Moducom recently unveiled Ultra-Com IP25, the latest version of its E911/radio dispatch control system that now supports the Project 25 Digital Fixed Station Interface (DFSI). The first DFSI-compliant system produced by the company integrates with radios manufactured by Tait Radio Communications.

In addition to the system’s standard features — Phase II–compliant E911 dispatching, mapping and an IP-based architecture that is ready for the eventual migration to next-generation 911 technology — Ultra-Com IP25 is capable of encrypting and decrypting audio, and of storing multiple authentication keys. The latter can be accomplished by using a radio manufacturer’s key fill device, or by inputting them manually. However, the latter approach can be complicated, said Ira Gore, a regional sales engineer for the company.

“The keys are written in a fashion that’s similar to the authentication keys you get when you buy software — they’re in an alphanumeric format,” Gore said. “So the easiest way to do it is with a key fill device. Any valid key that’s received will decode, even if the console is in a ‘clear’ mode, and the system will decrypt the audio.”

Another new feature of the console system is a built-in voter comparator that processes signals from multiple base stations. “That’s a component of the DFSI, and we’re supporting that,” Gore said. He predicted that this feature would be especially attractive to agencies operating smaller systems that in the past purchased trunked radio systems with just a few channels in order to support certain features such as encryption, unit ID and multiple talk groups on the same base station.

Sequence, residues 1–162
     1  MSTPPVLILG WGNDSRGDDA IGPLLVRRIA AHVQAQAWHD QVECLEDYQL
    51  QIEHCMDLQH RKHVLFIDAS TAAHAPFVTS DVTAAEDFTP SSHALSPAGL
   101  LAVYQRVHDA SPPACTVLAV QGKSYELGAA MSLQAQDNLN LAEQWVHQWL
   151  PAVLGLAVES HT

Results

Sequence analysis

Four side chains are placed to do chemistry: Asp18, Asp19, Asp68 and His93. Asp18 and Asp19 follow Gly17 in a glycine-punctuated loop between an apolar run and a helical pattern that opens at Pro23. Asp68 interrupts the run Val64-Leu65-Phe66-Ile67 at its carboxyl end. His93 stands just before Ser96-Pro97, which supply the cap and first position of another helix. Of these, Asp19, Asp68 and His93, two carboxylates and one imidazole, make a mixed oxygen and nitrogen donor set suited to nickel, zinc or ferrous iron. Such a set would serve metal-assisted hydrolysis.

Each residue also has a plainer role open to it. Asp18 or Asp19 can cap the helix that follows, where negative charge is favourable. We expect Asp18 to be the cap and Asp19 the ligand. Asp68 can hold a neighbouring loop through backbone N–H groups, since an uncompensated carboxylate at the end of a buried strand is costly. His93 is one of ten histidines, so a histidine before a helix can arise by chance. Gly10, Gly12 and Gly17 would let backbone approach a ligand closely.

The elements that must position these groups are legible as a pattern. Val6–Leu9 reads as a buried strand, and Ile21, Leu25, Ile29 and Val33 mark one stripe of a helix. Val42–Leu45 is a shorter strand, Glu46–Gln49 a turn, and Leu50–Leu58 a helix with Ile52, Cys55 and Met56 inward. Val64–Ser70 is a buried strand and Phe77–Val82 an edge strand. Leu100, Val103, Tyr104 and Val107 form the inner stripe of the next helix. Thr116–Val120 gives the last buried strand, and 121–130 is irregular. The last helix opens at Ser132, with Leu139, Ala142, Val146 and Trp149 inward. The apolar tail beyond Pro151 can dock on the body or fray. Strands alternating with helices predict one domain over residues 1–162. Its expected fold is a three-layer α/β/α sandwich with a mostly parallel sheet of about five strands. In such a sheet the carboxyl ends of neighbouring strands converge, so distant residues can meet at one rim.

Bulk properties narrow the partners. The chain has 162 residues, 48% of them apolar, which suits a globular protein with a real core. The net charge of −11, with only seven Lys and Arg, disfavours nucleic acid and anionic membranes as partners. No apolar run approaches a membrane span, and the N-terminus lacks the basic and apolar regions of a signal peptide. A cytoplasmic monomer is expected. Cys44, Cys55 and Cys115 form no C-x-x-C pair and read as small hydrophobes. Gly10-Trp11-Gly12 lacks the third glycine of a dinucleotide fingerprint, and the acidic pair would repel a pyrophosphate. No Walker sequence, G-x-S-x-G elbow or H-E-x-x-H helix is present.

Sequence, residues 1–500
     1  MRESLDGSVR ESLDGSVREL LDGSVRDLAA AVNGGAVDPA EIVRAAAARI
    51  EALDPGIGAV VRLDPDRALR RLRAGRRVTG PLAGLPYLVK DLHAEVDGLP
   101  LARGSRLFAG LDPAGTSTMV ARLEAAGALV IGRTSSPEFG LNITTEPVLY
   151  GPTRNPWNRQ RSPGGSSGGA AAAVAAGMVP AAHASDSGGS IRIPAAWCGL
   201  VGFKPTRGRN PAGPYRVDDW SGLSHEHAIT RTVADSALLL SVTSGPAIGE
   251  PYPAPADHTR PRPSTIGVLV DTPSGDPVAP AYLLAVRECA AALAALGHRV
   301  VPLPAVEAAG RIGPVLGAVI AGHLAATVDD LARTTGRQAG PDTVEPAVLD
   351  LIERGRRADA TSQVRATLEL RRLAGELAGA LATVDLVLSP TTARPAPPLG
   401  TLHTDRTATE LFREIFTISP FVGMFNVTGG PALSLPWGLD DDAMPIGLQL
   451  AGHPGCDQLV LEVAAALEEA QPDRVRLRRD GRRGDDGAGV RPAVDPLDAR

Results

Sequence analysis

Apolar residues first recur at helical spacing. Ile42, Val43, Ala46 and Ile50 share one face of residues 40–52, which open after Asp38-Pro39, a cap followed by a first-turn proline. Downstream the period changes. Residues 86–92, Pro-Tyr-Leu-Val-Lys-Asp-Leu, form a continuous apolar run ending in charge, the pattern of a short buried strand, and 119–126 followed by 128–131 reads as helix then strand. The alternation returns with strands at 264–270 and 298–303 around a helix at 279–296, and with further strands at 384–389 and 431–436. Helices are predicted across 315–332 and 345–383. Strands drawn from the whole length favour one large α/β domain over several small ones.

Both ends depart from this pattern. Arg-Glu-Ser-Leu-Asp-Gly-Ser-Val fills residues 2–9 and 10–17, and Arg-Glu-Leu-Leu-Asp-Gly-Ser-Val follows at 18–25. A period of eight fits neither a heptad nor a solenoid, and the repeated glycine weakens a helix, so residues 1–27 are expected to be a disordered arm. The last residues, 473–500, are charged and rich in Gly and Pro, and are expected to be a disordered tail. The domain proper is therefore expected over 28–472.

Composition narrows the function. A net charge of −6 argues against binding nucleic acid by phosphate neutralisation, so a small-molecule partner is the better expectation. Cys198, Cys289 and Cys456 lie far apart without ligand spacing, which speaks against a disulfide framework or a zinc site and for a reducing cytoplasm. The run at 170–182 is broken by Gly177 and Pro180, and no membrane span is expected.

According to Gore, now those features are available via the digital fixed station interface at greatly reduced cost. This in turn enables agencies to build their systems using conventional technologies, such as voting, to increase their talk-in capacity and to fill-in areas where they might have less-than-desirable coverage.

“In a lot of systems, access is not the problem, it’s coverage. So, by being able to save money on the backbone by not purchasing a trunked system, you possibly could build more conventional sites and still get all of the features that the public-safety sector is looking for,” Gore said. “The only difference between the conventional and trunked systems is the multiple-frequency access of the trunked radio — the rest of the features are the same."